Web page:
dual-core chips like NVIDIA's Tegra 2 and with 4G networks rolling out on many networks in the near future, let's take a look at how will this affect your cell phone.
First of all, let's mention that the smaller the die, the lower the energy consumption. And even though productivity should be significantly higher on a dual-core chipset, battery life will hardly suffer due to the miniature 40 nm technology for Tegra 2 and expected 28 nm for the upcoming 4th genSnapdragon as opposed to the larger 45 nm on 2nd gen Snapdragon CPUs and 65 nm on first generation Snapdragons.
Why would then the Motorola Atrix 4G and the Motorola DROID Bionic both come with a monstrous 1930 mAh battery, when even the EVO 4G had a 1500 mAh juicer? While smaller-sized processors sound all good theoretically, faster productivity means that users will turn to much more advanced apps and give the phone an increasingly bigger load. So it is not only about the technology, but also about the change in habits that we will see. For once, YouTube mobile reported recently that its views skyrocketed in recent years to 200 million per day! So finally, it all comes down to the way we use our phones. Share your insights on how to stretch the maximum of your favorite gadget!
source: Battery University
1. android_hitman (Posts: 569; Member since: 07 Jul 2010)
nice article but you made a mistake... Ni-Cd has no memory and Li-Ion and Polymer has memory. This is the advantage, you can recharge them whenever you want.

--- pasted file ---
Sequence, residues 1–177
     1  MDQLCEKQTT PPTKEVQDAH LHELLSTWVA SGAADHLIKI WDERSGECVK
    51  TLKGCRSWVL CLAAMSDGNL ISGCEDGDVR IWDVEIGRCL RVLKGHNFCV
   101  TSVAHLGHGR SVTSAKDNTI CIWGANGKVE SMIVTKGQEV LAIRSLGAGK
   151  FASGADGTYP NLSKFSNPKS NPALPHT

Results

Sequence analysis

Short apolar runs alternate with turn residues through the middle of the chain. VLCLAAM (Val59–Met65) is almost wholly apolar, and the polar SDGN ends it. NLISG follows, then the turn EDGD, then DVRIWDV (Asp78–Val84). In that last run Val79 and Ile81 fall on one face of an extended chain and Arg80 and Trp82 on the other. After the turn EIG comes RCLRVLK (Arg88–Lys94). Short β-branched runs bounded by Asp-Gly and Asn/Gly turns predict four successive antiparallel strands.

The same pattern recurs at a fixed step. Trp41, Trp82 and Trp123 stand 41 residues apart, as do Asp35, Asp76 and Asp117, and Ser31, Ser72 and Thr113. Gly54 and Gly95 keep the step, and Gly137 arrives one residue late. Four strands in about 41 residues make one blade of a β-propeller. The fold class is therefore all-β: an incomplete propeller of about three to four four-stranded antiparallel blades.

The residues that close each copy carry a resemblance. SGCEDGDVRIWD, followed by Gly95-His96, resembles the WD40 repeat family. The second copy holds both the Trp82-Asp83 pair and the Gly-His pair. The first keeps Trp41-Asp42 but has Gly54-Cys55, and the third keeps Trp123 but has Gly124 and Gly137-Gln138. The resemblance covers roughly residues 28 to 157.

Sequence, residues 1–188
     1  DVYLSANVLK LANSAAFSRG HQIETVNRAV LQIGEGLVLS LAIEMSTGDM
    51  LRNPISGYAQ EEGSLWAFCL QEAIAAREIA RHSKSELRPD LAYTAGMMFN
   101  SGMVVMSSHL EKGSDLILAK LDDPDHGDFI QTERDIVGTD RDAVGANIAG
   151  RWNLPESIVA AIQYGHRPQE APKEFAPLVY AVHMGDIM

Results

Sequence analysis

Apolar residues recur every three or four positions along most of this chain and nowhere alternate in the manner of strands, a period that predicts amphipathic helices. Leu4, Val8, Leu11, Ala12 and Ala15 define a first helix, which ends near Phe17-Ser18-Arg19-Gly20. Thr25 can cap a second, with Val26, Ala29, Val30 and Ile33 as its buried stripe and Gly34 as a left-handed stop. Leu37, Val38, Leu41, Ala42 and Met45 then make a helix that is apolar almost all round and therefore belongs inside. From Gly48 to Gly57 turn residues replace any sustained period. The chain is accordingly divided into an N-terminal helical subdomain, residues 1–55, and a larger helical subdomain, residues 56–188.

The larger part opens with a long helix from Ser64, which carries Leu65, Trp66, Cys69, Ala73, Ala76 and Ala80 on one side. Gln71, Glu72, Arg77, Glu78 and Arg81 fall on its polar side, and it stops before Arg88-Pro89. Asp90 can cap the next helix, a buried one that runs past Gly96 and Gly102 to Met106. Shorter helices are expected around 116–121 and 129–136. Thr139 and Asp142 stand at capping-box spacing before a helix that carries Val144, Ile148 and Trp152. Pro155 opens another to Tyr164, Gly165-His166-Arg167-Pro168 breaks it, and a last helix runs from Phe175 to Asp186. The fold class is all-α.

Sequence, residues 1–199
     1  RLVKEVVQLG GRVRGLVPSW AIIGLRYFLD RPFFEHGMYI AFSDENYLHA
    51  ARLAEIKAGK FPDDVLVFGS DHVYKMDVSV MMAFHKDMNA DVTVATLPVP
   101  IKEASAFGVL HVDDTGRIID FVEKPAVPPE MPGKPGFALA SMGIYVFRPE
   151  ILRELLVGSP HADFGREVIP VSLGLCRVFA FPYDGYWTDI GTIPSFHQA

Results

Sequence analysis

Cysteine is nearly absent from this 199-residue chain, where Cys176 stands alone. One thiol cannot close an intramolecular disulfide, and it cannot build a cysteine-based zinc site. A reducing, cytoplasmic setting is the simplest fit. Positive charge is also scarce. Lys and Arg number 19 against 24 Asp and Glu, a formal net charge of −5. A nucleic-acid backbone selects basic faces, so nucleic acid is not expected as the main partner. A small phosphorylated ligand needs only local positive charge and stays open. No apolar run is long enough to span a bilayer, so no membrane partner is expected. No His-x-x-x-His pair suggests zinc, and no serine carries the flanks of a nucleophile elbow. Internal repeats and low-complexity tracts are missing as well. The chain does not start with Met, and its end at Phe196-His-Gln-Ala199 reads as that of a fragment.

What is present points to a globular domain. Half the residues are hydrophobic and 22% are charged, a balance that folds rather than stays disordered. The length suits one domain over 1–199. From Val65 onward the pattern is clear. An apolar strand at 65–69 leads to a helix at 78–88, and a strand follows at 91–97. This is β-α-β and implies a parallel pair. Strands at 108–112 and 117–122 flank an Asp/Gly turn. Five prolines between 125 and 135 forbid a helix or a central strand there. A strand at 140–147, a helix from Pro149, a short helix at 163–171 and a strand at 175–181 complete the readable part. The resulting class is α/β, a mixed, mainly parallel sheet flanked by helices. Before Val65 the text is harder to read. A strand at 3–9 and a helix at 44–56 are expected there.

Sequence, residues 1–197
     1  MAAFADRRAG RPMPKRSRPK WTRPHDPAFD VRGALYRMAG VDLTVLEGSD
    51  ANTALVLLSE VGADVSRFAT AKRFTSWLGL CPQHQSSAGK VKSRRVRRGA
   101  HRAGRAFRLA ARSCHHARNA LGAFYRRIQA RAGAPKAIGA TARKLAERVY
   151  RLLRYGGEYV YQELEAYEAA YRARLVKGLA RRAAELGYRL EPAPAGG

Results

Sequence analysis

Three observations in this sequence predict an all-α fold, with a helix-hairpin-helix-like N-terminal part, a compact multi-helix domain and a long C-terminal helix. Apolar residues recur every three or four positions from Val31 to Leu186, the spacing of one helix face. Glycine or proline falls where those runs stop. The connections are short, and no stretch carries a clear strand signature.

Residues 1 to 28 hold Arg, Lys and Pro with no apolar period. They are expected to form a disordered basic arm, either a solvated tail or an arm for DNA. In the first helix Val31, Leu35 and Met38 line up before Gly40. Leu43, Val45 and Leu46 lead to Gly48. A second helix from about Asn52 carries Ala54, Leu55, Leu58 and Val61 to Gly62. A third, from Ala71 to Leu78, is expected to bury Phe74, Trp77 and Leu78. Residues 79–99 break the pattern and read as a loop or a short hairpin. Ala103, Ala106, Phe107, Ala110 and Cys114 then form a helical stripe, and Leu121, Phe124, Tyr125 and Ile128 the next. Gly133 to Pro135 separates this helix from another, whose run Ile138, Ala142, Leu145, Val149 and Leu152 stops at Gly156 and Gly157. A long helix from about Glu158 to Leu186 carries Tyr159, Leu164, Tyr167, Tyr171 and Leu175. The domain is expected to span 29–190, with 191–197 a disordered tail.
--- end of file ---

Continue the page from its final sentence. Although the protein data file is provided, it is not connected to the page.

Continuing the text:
2. Galen20K (Posts: 491; Member since: 26 Dec 2008)
Li-ion has no memory while Ni-cd does. http://en.wikipedia.org/wiki/L
3. ahmed alashry (unregistered)
I love It
4. MOTOX (unregistered)
The problem is no one ever charges their smartphone battery fully before use....even me and then you all complain...your supposed to charge it at least 12 hours before use...i did 8 and my droid x lasts me about 8 hours on super heavy use..games...texts...data.....crapp loads so i think its pretty good but my next phone...im going to charge it tons!
5. TKFox007 (Posts: 303; Member since: 02 Nov 2010)
And if your phone is WiFi capable, connect it to WiFi where available. My Droid used to run out of battery power in 8 hours at my workplace until I connected it to the WiFi and then I would get a full day of use out of it.
7. bigboombam (Posts: 4; Member since: 12 Jan 2011)
Not always true. If your WiFi is on, and you're not connected to it, it's just like leaving your Bluetooth on, and it'l drain your battery faster than normal.
6. Rawrzellers (Posts: 224; Member since: 22 Aug 2010)
mmmm I didn't bother reading the article just because when my phone has less then %15 and it does the little fart noise I just turn everything off and make the screen as dim as it can get without going black. It usually lasts about 4 to 5 hours with that.
8. jimmy37 (unregistered)
I have an Android app that intelligently disables devices if no app is running to use them or if the screen goes off.